Climate Change Impacts in California
In 2009 and 2013 the California Natural Resources Agency prepared reports to the Governor on California’s Climate Adaptation Strategy, and the Agency also produced three Climate Change Assessments based on peer reviewed science. Those reports detail the existing and expected impacts of global warming in California. These include:
- Sea level rise, coastal flooding and coastal erosion. Approximately 85% of California’s population live and work in coastal counties. The sea level along California's coasts has risen nearly 8 inches in the past century and is projected to rise by as much as 20 to 55 inches by the end of the century. A 55-inch sea level rise could put nearly half a million people at risk of flooding by 2100, and threaten $100 billion in property and infrastructure, including roadways, buildings, hazardous waste sites, power plants, and parks and tourist destinations. Coastal erosion could have a significant impact on California's ocean-dependent economy, which is estimated to be $46 billion per year.
- As sea levels rise, saltwater contamination of the State's delta and levee systems will increase. Saltwater contamination of the Sacramento/San Joaquin Delta will threaten wildlife and the source of drinking water for 20 million Californians. Farmland in low areas may also be harmed by salt-contaminated water.
- Losses to the Sierra snowpack and water supply. The Sierra Nevada snowpack functions as the most important natural reservoir of water in California. Under current conditions, the snowpack is created in fall and winter and slowly releases about 15 million acre-feet of water in the spring and summer, when California needs it most. California’s dams and water storage facilities are built to handle the snow melt as it happened in the past. Higher temperatures are now causing the snowpack to melt earlier and all at once. Earlier and larger releases of water could overwhelm California’s water storage facilities, creating risk of floods and water shortages.
- Forestry and higher risk of fires. Forest and rangelands cover over 80% of California’s 100 million acres. Climate change will affect tree survival and growth, reducing these lands’ productivity and changing their habitats. In addition, climate change makes forests more vulnerable to fires by increasing temperatures and making forests and brush drier. Today's fire season in the western United States starts earlier, lasts longer, and is more intense than in the last several decades. Wildfire occurrence statewide could increase several fold by the end of the century, increasing fire suppression and emergency response costs and damage to property.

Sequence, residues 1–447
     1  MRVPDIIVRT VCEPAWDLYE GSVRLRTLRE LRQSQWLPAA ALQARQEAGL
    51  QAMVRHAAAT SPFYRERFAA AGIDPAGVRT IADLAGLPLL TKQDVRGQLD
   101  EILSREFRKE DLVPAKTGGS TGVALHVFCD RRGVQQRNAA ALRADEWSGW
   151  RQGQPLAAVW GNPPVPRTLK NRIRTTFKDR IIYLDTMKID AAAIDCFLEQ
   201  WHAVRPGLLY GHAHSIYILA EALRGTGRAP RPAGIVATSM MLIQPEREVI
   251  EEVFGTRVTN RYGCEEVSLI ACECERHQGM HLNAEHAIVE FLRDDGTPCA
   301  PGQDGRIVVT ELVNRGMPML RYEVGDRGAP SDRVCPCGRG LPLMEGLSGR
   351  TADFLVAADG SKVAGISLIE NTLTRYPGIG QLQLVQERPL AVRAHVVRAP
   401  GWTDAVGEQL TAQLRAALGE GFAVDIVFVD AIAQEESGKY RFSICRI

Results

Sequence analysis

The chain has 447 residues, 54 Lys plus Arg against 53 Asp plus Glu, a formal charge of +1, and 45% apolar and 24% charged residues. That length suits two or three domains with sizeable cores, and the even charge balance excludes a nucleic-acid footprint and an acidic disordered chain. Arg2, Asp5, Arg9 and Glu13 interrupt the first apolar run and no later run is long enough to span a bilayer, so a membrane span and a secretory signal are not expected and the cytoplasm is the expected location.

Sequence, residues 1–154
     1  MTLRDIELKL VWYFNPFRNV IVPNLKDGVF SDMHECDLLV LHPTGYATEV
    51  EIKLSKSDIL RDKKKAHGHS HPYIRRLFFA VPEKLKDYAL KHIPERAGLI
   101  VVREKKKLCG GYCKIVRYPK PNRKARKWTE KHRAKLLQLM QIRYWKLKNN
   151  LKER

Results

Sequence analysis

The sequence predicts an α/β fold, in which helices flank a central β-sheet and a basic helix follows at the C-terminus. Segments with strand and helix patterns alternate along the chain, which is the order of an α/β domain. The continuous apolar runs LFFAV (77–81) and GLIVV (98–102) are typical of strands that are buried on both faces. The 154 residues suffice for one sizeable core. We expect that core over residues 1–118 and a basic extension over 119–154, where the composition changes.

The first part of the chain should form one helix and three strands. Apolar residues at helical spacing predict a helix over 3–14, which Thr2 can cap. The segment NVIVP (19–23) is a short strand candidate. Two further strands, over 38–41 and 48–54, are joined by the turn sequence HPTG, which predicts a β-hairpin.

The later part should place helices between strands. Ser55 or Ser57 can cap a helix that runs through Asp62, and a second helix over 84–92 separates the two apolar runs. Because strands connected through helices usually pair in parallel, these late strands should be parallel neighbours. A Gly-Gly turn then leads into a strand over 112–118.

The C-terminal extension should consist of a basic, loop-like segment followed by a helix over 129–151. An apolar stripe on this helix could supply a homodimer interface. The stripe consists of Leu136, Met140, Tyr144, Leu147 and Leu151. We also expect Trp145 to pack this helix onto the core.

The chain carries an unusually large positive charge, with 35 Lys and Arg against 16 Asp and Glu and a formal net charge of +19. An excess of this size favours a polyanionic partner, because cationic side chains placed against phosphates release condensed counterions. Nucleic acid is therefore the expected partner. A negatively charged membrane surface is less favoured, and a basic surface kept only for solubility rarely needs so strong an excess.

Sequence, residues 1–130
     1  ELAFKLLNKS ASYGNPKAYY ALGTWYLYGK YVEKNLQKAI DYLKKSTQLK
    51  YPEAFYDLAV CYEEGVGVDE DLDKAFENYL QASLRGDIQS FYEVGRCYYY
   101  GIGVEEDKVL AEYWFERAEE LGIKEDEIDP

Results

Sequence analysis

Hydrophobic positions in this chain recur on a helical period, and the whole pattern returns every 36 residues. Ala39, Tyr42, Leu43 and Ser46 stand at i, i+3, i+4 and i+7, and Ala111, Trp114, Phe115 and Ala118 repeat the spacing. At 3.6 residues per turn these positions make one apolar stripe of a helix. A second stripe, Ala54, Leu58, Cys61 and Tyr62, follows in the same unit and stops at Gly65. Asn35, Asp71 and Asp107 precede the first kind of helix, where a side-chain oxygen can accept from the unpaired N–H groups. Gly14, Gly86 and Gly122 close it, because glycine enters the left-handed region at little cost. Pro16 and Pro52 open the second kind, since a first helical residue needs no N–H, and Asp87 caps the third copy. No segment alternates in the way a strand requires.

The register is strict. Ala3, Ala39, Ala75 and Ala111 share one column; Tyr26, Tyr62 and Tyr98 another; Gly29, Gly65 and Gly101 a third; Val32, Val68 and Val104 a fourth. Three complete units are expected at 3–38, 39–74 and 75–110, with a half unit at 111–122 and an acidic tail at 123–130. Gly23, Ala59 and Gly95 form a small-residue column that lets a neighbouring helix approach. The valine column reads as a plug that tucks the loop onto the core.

- Damage to agriculture. Global warming can cause drought, higher temperatures, saltwater contamination through rising sea levels, flooding, and increased risk of pests. These changes pose a very serious threat to California's agricultural industry, which generated $39 billion in revenue in 2007, and which is responsible for more than half of all domestic fruits and vegetables. Because California feeds not only its own residents, but the entire U.S. and other countries as well, production declines could lead to food shortages and higher prices.
- Increased demand for electricity. Higher temperatures and more heat waves will drive up demand for cooling in the summer. As people turn up their air conditioners, increased electricity use will be greatest in southern California and the Central Valley, and may be as high as 60% above present demand by the end of the century.
- Public health impacts. Californians already experience the worst air quality in the nation. Hotter temperatures lead to more smog, which can damage lungs, and increases childhood asthma, respiratory and heart disease and death. Certain segments of the population are at greater risk, including the elderly, infants, persons with chronic heart or lung disease, people who can’t afford air conditioning, and those who work outdoors. (See Climate Change's Unequal Impacts). As temperatures rise, the number of days of extreme heat events also will rise, causing increases in the risk of injury or death from dehydration, heatstroke, heart attack and respiratory problems. In July 2006, California experienced a heat wave that led to more than 140 deaths, and possibly 2 to 3 times that number. Heat waves similar in length and intensity to those experienced in 2006 will be more frequent and could become annual occurrences by the end of the century.
- Habitat destruction and loss of ecosystems. California is one of the most biologically diverse regions of the world, with the highest number of unique plant and animal species of all 50 states and the greatest number of endangered species. Climate change will adversely affect plant and wildlife habitats and the ability of the State's varied ecosystems to support clean water, wildlife, fish, timber and other goods and services important for our well-being.
For a further discussion of the impacts of climate change in California, the state of the research, and state efforts to adapt, see the Office of Environmental Health Hazard Assessment's 2013 Indicators of Climate Change in California report; and the Climate Action Team, Report to the Governor and Legislature (December 2010). Further scientific research reports are available on the California Climate Change Portal.